Game history: The 11th version of this third-person, multi-player shooter.

Price: £49.99 (Xbox, PS3, PC)

Batman

Batman: Arkham City (15)

What's he like: Forget Adam West and his "shark repellant spray" – this is the hard-as-tungsten Batman from the Christian Bale movies.

Mission: To save a crumbling Gotham City from The Joker and a flood of dangerous psychiatric patients escaping from a vast super-prison .

Do say: "Use your explosive gel to blast a hole through a structural weakness in the wall."

Don't say: "Not exactly 'care in the community' is it?"

Game history: A sequel to the award-winning 2009 Batman: Arkham Asylum.

Price: £49.99 (Xbox, PS3, PC)

Captain John Price

Call of Duty: Modern Warfare 3 (17+)

What's he like: A mustachioed, beret-wearing ex-SAS officer who is apparently indestructible.

Mission: To stop a Russian terrorist from unleashing chemical weapons amid a global war fought in 2016.

Do say: "Don't try to copy Price – he's the Nureyev of death! Just shoot at anything that moves until he leads you to the enemy hideout."

Don't say: "Did you have to stab that man in the throat?"

Game history: The eighth in the record-breaking series.

Price: £54.99 (Xbox, PS3, Wii, PC, DS)

Zelda

The Legend of Zelda: Skyward Sword (12)

What's she like: A wise, forgiving and benevolent ruler of the mystical land of Hyrule.

Mission: To defeat a mystery evil force by harnessing powers hidden in the mystical Goddess Sword.

Do say: "If you use your telepathy skills you'll be able to read the minds of your enemies."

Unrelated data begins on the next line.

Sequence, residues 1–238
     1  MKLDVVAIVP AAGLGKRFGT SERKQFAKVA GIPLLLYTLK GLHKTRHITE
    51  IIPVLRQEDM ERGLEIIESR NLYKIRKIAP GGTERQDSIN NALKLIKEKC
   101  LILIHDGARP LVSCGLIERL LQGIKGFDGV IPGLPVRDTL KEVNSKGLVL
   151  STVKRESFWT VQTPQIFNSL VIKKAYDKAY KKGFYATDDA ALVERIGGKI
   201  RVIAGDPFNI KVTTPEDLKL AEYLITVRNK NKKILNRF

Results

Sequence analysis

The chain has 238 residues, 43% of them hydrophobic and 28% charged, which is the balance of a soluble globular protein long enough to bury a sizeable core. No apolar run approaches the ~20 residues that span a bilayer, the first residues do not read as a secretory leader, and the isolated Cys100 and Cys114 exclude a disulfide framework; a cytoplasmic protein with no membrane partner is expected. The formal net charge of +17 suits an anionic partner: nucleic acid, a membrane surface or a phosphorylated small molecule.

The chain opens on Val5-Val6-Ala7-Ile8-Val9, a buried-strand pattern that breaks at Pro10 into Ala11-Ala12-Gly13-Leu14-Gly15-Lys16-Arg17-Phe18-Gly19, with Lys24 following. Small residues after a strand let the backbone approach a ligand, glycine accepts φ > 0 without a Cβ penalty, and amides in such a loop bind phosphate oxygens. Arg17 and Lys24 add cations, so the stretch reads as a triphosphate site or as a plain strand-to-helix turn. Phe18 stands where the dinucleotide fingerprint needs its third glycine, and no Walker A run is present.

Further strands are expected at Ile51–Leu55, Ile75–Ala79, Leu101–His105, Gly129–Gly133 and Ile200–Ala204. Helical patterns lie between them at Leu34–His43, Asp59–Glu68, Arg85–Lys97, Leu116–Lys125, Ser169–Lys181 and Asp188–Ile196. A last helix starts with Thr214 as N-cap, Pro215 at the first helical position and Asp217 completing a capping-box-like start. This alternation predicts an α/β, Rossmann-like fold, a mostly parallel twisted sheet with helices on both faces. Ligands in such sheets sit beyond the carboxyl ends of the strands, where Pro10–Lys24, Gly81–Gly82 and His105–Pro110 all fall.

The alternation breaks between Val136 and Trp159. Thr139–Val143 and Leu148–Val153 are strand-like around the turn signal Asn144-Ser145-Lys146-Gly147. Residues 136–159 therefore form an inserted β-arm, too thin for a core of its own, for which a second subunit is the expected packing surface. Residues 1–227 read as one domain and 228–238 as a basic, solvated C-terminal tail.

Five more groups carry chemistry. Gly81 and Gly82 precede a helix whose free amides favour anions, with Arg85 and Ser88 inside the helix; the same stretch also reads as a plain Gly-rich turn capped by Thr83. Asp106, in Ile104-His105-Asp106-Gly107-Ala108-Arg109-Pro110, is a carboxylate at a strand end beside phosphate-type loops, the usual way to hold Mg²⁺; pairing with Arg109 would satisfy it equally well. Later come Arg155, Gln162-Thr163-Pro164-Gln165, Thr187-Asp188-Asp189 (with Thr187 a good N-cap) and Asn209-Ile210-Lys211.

Don't say: "Is she old enough to be playing with a bow and arrow?"

Game history: Fifteen versions have been released since 1986, selling more than 62 million copies globally.

Price: £49.99 (Wii)

Jack Rourke

Need for Speed: The Run (16)

What's he like: A maverick racing driver with implausible driving skills who owes a vast sum of money to the Mafia.

Mission: To pay his debts by out-running the mob, police and 150 drivers in a race from San Francisco to New York and bagging the $25m prize.

Do say: "Undertake him on the blind bend and use your handbrake to make the corner."

Don't say: "Don't climb into the Lamborghini, there's a nice Renault Megane over there."

Game history: The franchise has sold 100 million copies.

Price: £49.99 (Xbox, PS3, Wii, PC)

Ezio Auditore da Firenze

Assassin's Creed: Revelations (15)

What's he like: A Renaissance nobleman who leads an ancient society of assassins. Highly skilled in every form of murder.

Mission: To stop his sworn enemies, the Templar Knights, by killing anyone who supports them in 16th-century Constantinople.